What does a proton look like?

  • #1

Main Question or Discussion Point

If a proton is made of quarks and gluons, what exactly IS a proton? What would it look like if we could shrink down to it's size? Is it really nothing at all, in the same sense as the "solar system" isn't really a thing in itself, it's just a collection of planets and a sun.
 

Answers and Replies

  • #2
Drakkith
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If a proton is made of quarks and gluons, what exactly IS a proton?
As you said, a composite particles composed of quarks and gluons. Just like atoms are composite particles made up of protons, neutrons, and electrons, molecules are composite particles made up of atoms, and people are big squishy composite particles made up of molecules.

What would it look like if we could shrink down to it's size? Is it really nothing at all, in the same sense as the "solar system" isn't really a thing in itself, it's just a collection of planets and a sun.
Yes. Just like a flock of geese or a herd of buffalo are composite things made up of many more fundamental things (in this case animals). I could draw a big patch on a map to show where the herd/flock was and its shape, but if you were to go out there and look at it you would see the individual animals and not the big patchy thing I drew.

It's difficult to say what a proton would look like since quantum effects are very prevalent at this scale, but the idea that it's a composite particles made up of more fundamental elements is the real takeaway here.
 
  • #3
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A proton doesn't have a substructure in the way the solar system has - classical descriptions ("this is here, that is there") just don't make sense for the makeup of a proton.
 
  • #4
If I'm reading this thread right, Drakkith says "the idea that it's a composite particles made up of more fundamental elements is the real takeaway here" and mfb says "A proton doesn't have a substructure in the way the solar system has" which seems to be the exact opposite. Which is it? Is there space between the quarks? Are they literally side by side so to speak?
 
  • #5
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It is made up of other particles but these particles don't have an arrangement like the planets in the solar system do.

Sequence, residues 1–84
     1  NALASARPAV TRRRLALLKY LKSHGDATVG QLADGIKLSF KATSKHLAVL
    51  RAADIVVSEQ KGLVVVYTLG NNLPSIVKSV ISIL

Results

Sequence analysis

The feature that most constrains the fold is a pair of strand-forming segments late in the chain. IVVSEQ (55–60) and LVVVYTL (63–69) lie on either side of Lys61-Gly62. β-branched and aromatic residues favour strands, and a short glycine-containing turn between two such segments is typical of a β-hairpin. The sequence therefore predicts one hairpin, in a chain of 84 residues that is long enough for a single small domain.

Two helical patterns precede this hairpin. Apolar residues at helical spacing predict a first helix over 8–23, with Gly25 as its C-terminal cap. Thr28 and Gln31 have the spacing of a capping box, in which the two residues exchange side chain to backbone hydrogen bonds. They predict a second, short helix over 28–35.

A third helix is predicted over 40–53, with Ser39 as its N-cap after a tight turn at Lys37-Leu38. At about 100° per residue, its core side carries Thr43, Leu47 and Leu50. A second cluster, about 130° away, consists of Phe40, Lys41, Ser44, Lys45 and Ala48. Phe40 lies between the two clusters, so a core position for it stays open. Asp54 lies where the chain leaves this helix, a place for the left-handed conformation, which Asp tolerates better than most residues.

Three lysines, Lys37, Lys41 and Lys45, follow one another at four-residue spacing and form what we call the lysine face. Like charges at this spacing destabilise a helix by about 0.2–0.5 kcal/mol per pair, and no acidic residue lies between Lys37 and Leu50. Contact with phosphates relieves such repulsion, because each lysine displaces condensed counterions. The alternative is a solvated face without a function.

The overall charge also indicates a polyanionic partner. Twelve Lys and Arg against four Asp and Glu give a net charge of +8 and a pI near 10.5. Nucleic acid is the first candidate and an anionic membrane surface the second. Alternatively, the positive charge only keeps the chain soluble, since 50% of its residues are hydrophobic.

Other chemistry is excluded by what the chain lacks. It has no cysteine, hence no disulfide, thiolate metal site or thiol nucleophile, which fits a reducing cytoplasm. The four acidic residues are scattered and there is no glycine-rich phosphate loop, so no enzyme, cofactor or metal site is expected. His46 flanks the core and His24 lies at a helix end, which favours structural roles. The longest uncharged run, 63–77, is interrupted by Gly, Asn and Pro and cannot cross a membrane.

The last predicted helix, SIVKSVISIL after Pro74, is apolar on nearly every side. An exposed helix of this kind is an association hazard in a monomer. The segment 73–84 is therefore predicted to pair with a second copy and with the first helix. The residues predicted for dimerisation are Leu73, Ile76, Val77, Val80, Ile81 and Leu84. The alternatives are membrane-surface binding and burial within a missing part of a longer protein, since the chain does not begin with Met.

Is there space between the quarks?
There is no empty space in a proton. "Between quarks" is a meaningless concept anyway.
 
  • #6
Drakkith
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If I'm reading this thread right, Drakkith says "the idea that it's a composite particles made up of more fundamental elements is the real takeaway here" and mfb says "A proton doesn't have a substructure in the way the solar system has" which seems to be the exact opposite. Which is it? Is there space between the quarks? Are they literally side by side so to speak?
The subatomic world is very strange. Even describing things like the position and size of particles become.. problematic. From what I understand about quantum chromodynamics (the theory governing the strong force) there isn't even a set number of quarks in a proton. See here: https://profmattstrassler.com/articles-and-posts/particle-physics-basics/the-structure-of-matter/protons-and-neutrons/
 
  • #7
Is there space between the quarks? Are they literally side by side so to speak?
Particles don't have definite positions. For macroscopic objects (like a large protein molecule) the uncertainty is insignificant, and you can use a picture of atoms being distinct "balls", connected together, having definite positions and distances relative to each other.

But as you take lighter objects and smaller scales, the intuitive picture of "tiny balls" fails totally.

For example, electron on an atom's orbital is not "orbiting". It is just a cloud of disturbance in electron field, with both position and momentum being uncertain.

Since quarks are also light, and the distances on the scale of proton radius are much smaller still, quarks in proton are similarly not "balls", but rather clouds of disturbance in quark fields. The sizes of these clouds are such that they overlap - there are no "gaps".
 
  • #8
The subatomic world is very strange. Even describing things like the position and size of particles become.. problematic. From what I understand about quantum chromodynamics (the theory governing the strong force) there isn't even a set number of quarks in a proton. See here: https://profmattstrassler.com/articles-and-posts/particle-physics-basics/the-structure-of-matter/protons-and-neutrons/
Thanks for the link, extremely well written and well explained for laymen like me. One thing he mentions that is fascinating, is that evidently there are no "sharp edges" to protons. It really makes me wonder exactly what the LHC is colliding. Tiny balls of cotton it seems like made of even smaller clouds of cotton so to speak.
 
  • #9
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It really makes me wonder exactly what the LHC is colliding.
The word "collide" is used for historical reasons and because it is convenient, but "bring near for high-energy interaction" might come closer to what is happening.
 

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